CHAT: The diminutive Dita Von Teese is a glamorous package of loveliness, and I had the wonderful experience of chatting with this unique style icon about Hollywood, costume design, corsets, Jean Paul Gaultier, and of course Cointreau last week. The Queen of Burlesque was in Dallas to perform her variety show “Burlesque: Strip Strip Hooray!” at the House of Blues, and promote the launch of her second signature cocktail – The Cointreau MargaDita. The launch has already been a success in New York and Los Angeles, and now Dallas meets Dita.
MT: The Golden era and Hollywood have been a huge influence in your career – why?
DVT: When I was a little girl my Mom loved antiques and to watch old movies, so that’s where it started. My biggest influence is the WWII era and Technicolor musicals, and particularly, at that point in time Betty Grable was the number one box office star, so my favorite films starred Betty Grable and Carmen Miranda – I love the big song and dance Technicolor musicals, which are a big inspiration for my shows. There weren’t that many movies that portrayed authentic burlesque, so really I based my shows from these few films and photographs from the 1940’s.
MT: You trained as a costume designer?
DVT: I started to go to school because I thought I might like to be involved with costume design. When I watched a film I liked, I was inspired to dress in vintage, and I liked to watch movies set in a different era. I liked the idea of being so meticulous in the details, I was such a historian at that point, dressing exactly to an era down to the year, and understanding the difference between clothes from 1942 as opposed to 1946. One of the reasons of I am where I am now is because of my obsession on details from a certain era. I’ve studied so many different eras that I have taken the best, and my favorites from each and created my look.
MT: The Fashion World of Jean Paul Gaultier: From The Sidewalk to the Catwalk exhibition is coming to Dallas in November. You’ve worn many of his pieces before; tell me about your thoughts on his style and his revival of the corset?
DVT: I’ve walked in his show twice; the last piece that I wore was a very special corset, which will be in this exhibition. I did a lot of interviews and a film for Jean Paul Gaultier regarding this corset, and was pretty involved. This particular corset that is coming to the exhibition is an extraordinary masterpiece made for Jean Paul Gaultier by Mr. Pearl who is the most well known corset maker in the world. Universally you could sit down Jean Paul, Christian Lacroix, and John Galliano, and everyone would mutually agree that there is no one on earth that can make a corset the way that Mr. Pearl does, it’s unexplainable, he is a magician. The corset he made – we spent many, many, hours fitting it, late nights till 3am. I look forward to seeing the exhibition, I have worn many of Jean Paul’s clothes and they are just brilliant and beautiful up close.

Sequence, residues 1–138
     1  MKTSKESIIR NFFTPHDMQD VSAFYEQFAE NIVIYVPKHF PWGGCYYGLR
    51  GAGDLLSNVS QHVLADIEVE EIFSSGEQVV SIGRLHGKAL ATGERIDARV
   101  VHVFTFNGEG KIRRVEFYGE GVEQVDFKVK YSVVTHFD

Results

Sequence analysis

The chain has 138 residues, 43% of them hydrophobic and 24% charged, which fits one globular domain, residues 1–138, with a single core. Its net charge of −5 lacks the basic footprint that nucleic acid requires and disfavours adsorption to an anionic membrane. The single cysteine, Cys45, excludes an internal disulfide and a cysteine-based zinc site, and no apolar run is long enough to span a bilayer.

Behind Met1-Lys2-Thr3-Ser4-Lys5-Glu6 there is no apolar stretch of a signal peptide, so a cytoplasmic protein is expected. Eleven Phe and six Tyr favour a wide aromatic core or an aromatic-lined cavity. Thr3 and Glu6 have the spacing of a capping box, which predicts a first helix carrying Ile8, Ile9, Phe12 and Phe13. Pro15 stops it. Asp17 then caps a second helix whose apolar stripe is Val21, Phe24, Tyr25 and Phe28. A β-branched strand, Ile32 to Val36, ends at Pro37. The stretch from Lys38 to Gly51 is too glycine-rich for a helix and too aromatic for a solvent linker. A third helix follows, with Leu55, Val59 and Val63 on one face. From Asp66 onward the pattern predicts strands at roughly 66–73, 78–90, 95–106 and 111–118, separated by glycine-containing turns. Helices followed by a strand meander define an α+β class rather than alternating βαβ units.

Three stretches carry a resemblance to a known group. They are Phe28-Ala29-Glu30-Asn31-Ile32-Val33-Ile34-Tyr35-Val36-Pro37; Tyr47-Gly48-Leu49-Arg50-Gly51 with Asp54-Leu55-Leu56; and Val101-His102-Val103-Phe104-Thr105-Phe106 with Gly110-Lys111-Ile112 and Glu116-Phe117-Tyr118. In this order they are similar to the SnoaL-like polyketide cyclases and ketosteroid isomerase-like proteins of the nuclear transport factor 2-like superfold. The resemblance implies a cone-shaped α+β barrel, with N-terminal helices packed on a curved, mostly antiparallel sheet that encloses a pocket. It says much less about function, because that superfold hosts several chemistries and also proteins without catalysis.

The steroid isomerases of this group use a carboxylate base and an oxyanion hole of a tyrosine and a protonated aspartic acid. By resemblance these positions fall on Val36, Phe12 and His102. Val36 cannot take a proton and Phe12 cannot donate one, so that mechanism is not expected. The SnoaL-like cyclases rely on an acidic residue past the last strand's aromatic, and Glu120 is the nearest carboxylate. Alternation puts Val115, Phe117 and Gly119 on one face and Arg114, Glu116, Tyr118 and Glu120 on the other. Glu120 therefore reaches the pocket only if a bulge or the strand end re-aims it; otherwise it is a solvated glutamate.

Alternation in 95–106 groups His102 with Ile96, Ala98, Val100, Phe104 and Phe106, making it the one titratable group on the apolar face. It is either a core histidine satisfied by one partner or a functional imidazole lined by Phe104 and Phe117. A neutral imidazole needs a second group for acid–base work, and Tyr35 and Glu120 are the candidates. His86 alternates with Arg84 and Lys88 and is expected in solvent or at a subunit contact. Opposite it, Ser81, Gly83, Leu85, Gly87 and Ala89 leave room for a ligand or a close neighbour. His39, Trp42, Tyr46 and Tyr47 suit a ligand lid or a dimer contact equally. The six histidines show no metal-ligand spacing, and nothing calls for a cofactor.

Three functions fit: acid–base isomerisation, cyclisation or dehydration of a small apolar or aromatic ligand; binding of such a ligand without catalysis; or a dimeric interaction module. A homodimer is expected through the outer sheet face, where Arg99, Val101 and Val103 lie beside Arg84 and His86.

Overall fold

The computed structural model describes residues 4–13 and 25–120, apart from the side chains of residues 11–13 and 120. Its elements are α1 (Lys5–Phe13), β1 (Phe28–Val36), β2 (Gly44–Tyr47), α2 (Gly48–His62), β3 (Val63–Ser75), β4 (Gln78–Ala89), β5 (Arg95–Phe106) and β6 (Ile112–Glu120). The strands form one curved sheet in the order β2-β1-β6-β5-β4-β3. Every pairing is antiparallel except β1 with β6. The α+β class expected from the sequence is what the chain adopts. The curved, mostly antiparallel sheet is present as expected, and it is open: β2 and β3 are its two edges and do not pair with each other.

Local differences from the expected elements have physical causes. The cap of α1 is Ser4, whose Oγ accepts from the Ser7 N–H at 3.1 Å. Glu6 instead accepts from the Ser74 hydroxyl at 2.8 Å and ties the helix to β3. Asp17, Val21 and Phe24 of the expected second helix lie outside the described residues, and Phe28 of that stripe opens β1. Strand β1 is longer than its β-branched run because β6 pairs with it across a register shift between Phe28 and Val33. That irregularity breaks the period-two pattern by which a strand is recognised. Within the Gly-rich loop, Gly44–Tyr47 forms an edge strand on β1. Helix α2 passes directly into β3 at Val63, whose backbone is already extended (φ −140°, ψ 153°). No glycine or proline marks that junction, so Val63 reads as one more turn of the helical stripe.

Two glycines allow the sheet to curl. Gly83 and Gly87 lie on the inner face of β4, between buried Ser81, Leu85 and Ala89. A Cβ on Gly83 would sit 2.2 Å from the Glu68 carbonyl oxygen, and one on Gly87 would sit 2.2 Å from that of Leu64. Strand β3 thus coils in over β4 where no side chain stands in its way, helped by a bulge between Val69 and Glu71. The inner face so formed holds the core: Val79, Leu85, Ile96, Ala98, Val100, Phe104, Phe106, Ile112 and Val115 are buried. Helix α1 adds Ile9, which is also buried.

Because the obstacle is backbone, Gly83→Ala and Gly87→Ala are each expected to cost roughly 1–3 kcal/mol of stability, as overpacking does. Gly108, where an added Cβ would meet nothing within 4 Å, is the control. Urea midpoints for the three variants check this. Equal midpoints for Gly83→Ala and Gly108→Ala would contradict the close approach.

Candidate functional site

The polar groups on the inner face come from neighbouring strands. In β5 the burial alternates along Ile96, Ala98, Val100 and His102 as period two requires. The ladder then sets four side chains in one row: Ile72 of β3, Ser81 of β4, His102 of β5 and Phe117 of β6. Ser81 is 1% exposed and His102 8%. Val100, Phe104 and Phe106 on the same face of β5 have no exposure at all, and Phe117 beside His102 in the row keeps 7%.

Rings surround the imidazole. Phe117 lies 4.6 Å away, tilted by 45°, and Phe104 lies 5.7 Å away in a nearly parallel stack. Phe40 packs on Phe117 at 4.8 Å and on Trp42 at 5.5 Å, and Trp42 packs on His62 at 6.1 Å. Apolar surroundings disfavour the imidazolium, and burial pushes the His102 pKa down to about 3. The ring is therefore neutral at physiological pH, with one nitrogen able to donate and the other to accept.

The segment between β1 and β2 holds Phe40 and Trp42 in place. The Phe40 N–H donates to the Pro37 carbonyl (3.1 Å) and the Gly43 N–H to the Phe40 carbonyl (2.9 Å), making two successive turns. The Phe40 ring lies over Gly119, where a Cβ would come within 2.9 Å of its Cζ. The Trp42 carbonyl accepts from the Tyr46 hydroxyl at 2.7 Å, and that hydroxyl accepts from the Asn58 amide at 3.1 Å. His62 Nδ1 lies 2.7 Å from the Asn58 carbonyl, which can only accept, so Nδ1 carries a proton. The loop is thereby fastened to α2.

When someone tries on a corset for the first time they understand it, what it’s about, it’s exciting and thrilling the first time, the feeling of being laced down, you don’t want to do it everyday, but it sure is a nice place to visit.
MT: If you had to change careers what would you want to do?
DVT: I shot a 12 page pictorial for Vanity Fair a few years ago and I was completely obsessed with the Art Director of the shoot, from the clothes, the make-up, and the complete styling of the photo shoot, she had a eye for everything. I create my own shows, I have no stylist, I don’t have a glam squad, and I create everything, so I would like to do her job.
MT: I love the dress you are wearing – tell me about it?
DVT: This is vintage. I am my own stylist and I like to dress in a lot of vintage. Vintage dressing is a bit like driving vintage cars, falling apart at the seams, but totally worth it.
MT: Tell me why you decided to participate with Cointreau?
DVT: I have been a Brand Ambassador for Cointreau since 2007, and this is my second signature cocktail, it is one of my favorite cocktails that I mix at home, it’s so simple, so delicious, and easy to do. Margaret Sames, who was a Dallas Socialite in the 1940’s, originally invented the margarita, so I love that it’s from the 1940’s, and that she loved to throw parties. I wanted to do a twist on the classic margarita, so we did a chipotle rose-infused margarita and called it the MargaDita, it’s a big tribute to Margaret with a petal float of the Yellow Rose of Texas.
1 oz Cointreau
1 oz Silver Tequila
1 oz Fresh Lime Juice
1/2 oz Monin Rose Syrup
1 pinch of Chipotle Spice
Mix all ingredients into a cocktail shaker filled with ice. Shake vigorously and pour into a coup glass. Garnish with the Yellow Rose of Texas. For an added kick, add a pinch of chipotle and salt rim.